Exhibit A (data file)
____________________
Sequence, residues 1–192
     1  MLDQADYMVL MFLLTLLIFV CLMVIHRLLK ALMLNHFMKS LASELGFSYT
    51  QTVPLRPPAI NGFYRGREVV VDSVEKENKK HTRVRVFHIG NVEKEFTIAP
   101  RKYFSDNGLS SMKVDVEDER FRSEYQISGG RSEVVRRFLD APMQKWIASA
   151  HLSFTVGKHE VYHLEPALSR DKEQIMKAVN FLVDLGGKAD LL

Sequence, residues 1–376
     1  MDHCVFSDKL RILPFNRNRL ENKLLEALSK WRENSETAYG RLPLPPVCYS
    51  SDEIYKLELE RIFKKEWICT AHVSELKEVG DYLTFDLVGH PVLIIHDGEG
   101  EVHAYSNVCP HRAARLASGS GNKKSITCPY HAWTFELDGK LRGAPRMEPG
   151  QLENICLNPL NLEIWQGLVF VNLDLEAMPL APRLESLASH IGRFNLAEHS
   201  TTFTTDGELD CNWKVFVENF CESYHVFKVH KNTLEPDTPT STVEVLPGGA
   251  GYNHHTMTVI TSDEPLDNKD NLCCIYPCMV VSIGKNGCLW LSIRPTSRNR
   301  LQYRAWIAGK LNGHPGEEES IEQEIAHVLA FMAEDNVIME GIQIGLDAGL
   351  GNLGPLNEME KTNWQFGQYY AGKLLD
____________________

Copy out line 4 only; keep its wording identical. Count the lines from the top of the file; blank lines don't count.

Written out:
   101  RKYFSDNGLS SMKVDVEDER FRSEYQISGG RSEVVRRFLD APMQKWIASA